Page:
And, Victoria Street Newz publisher emeritus and CFUV Radio broadcaster, Janine Bandcroft will join us at the bottom of the hour to bring us news of the coming week on our streets, and beyond there too. but first, Brandon Martinez and daylighting 'The Buried Canadian State Connection to ISIS' and the real nature of the relationship between Harper's New Canadian Government and the Islamic State?

Chris Cook hosts Gorilla Radio, airing live every Monday, 5-6pm Pacific Time. In Victoria at 101.9FM, and on the internet at:  He also serves as a contributing editor to the web news site, Check out the GR blog at:
Add a comment Add a comment Read more: Gorilla Radio with Chris Cook, Brandon Martinez, John Newman, Janine Bandcroft August 19th, 2015

Europe's NATO-Made Refugee Crisis

War Begets War Refugees: The Moral Bankruptcy of Italy and NATO
by Ramzy Baroud
On April 26, 2011, a meeting that can only be described as sinister took place between the then Italian Prime Minister, Silvio Berlusconi, and French President, Nicolas Sarkozy. The most pressing issue discussed at the meeting in Rome was how to deal with African immigrants.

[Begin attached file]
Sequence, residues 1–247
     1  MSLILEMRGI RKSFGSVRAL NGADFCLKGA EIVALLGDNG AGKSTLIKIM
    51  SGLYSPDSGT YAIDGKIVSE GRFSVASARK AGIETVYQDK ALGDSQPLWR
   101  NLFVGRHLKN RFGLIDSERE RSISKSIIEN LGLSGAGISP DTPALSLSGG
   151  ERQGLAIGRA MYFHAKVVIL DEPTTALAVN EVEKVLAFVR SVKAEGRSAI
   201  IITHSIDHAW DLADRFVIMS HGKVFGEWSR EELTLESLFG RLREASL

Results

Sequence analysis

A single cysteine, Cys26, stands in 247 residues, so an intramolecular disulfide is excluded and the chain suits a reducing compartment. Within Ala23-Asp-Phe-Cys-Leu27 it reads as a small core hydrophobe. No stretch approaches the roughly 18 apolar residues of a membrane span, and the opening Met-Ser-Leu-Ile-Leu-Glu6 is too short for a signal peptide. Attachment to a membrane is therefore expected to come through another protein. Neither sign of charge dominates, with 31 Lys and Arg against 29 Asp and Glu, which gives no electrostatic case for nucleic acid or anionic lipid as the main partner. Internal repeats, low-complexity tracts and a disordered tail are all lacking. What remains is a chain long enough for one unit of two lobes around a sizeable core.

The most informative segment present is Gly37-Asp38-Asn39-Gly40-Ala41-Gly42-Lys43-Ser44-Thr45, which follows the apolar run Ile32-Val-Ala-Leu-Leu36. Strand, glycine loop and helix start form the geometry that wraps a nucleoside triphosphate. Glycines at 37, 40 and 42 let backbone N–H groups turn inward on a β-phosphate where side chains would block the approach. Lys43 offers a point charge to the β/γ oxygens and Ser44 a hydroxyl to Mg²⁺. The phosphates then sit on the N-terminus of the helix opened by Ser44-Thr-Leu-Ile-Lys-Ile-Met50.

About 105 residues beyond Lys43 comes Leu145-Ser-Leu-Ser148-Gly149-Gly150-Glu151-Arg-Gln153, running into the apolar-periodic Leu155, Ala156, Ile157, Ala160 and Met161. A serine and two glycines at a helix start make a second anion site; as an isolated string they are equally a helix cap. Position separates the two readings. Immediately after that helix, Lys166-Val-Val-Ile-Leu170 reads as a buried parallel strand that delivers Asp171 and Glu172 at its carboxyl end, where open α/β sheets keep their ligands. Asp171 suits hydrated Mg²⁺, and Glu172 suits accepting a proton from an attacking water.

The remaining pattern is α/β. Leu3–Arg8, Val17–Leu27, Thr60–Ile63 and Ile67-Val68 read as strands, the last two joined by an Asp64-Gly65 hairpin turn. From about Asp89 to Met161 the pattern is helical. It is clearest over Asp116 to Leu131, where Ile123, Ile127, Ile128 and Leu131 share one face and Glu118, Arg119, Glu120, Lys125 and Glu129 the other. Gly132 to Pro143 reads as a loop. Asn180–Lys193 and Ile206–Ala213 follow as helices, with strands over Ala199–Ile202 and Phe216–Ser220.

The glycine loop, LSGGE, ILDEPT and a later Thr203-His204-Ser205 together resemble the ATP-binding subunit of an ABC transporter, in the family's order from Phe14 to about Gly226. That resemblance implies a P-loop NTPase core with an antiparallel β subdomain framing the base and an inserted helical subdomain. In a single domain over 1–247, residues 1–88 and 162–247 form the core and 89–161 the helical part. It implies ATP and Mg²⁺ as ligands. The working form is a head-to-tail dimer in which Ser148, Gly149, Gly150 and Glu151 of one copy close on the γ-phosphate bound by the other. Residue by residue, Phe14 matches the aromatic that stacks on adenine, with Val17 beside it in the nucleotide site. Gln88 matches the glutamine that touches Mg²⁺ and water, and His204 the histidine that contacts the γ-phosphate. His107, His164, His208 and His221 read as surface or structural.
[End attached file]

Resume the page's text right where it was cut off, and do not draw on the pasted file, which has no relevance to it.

Sarkozy, who was under pressure from his right-wing and far-right constituencies to halt immigration originating from North Africa (resulting from the Tunisian uprising), desired to strike a deal with the opportunistic Italian leader. In exchange for an Italian agreement to join a French initiative aimed at tightening border control (Italy being accused of allowing immigrants to cross through its borders to the rest of Europe), France, in turn, would resolve major disputes involving a series of takeovers, involving French and Italian companies. Moreover, Italy would then secure French support for a bid by Italian Economist and Banker, Mario Draghi, to become the Head of the European Central Bank.
Another point on the French agenda was active Italian participation in the war on Libya, initially spearheaded by France, Britain and the United States, and later championed by NATO.

Neo-Con Fooled Once - Won't Get Fooled Again, Right?

Neocons to Americans: Trust Us Again
by Robert Parry - Consortium News